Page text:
You do it to take care of yourself, because you know when your body feels good, you feel good. You eat and move your body out of love. You listen to the things your body likes (mine loves kale, cupcakes, yoga, naps, and uphill hikes) and give it lots of those things. You listen to what your body dislikes (mine hates stomachaches from overeating and being injured from being pushed too hard), and because you love it, you skip those things as much as possible -- though if they happen sometimes, you apologize to your body and move on.
So when you've reached your diet bottom, when you've prayed for laser eyes to blast away the entire diet industry, when you're ready to take the radical leap of trusting yourself instead of undermining yourself, here are the first steps:
1. Throw away the scale, the diet books, and the measuring tape.
2. Start to listen to your body. What does it enjoy in food and movement? What does it hate?
3. Give your body what it's asking for, and see how it feels.
4. Rinse and repeat with as much love as you can manage.
Learning to trust myself has allowed me to be happy in my body in a way I never imagined possible. But it required that I stop judging my happiness by looking in the mirror and comparing my body to other women's bodies. It required that I look inside, listen to and trust my body, and find happiness by turning away from appearance and toward my heart.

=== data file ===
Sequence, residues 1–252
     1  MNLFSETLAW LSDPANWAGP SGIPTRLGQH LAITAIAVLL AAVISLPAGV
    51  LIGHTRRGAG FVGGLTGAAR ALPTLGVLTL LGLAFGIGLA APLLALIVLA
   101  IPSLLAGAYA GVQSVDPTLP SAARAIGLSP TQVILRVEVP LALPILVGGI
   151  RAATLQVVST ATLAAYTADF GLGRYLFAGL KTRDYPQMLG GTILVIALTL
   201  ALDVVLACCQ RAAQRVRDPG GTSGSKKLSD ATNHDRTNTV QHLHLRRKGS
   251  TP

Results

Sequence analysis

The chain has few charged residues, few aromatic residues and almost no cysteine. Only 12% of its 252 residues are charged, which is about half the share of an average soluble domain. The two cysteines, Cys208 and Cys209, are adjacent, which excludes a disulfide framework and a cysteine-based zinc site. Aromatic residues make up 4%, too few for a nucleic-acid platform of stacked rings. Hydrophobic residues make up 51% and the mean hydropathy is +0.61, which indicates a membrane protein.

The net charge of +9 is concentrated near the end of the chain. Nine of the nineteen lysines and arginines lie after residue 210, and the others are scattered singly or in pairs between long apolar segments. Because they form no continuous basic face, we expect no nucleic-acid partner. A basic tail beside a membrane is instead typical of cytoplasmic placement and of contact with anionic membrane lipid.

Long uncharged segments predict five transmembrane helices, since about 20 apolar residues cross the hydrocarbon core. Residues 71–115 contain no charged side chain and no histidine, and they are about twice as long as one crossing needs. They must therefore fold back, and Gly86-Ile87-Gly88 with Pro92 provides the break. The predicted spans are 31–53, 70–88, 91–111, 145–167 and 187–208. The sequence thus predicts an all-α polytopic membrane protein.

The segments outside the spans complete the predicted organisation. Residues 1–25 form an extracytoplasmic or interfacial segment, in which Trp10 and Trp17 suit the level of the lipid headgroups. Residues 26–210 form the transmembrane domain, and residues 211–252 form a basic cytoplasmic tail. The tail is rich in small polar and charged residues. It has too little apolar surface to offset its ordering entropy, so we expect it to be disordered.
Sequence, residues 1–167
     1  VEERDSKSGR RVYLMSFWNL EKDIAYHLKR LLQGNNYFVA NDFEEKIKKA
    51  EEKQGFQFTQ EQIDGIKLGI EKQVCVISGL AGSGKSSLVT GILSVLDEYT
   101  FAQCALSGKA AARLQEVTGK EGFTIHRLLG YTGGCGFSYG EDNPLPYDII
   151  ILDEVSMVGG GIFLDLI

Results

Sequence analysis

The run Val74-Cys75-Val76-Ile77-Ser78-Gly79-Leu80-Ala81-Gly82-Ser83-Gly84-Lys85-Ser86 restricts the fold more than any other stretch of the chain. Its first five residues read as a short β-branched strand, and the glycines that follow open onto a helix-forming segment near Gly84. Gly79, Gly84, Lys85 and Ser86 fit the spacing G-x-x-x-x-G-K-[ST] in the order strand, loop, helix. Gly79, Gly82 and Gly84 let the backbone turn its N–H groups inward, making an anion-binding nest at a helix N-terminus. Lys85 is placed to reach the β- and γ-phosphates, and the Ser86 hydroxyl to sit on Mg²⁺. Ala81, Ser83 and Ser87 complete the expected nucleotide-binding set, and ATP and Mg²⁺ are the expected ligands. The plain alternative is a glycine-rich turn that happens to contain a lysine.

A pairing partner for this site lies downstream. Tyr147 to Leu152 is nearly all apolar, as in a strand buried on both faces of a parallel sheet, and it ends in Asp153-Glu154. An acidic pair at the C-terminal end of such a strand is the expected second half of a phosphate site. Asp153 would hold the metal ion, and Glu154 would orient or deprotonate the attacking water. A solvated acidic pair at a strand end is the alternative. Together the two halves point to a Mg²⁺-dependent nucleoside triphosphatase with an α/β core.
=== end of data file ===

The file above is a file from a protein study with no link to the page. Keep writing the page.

If you're struggling with an eating disorder, call the National Eating Disorder Association hotline at 1-800-931-2237.
References: Grodstein, F., Levine, R., Spencer, T., Colditz, G. A., & Stampfer, M. J. (1996). Three-year follow-up of participants in a commercial weight loss program: Can you keep it off? Archives of Internal Medicine 156(12), 1302. Neumark-Sztainer D., Haines, J., Wall, M., & Eisenberg, M. ( 2007). Why does dieting predict weight gain in adolescents? Findings from project EAT-II: a 5-year longitudinal study. Journal of the American Dietetic Association, 107(3), 448-55. Garner, DM, Wooley, S. Confronting the failure of behavioral and dietary treatments for obesity. Clinical Psychology Review, 1991; 11:729-780. Mann, T, et al. (2007). Medicare's search for effective obesity treatments: Diets are not the answer. American Psychologist, 62(3), 220-233.
For more statistics on the inefficacy of dieting and the links between dieting and eating disorders, visit the website for the National Eating Disorders Association, and ASDAH, the Association for Size Diversity and Health, fact sheet pdf.
For a wider view on the research and findings about the long and short term effects of weight-loss on the body, see Linda Bacon and Lucy Aphramor's book, Body Respect: What Conventional Health Books Get Wrong, Leave Out, and Just Plain Fail to Understand About Weight (2014, Ben Bella Books), especially chapter 2, Weight Regulation and chapter 3, Weight Loss Realities.
Photo credit: In Her Image Photography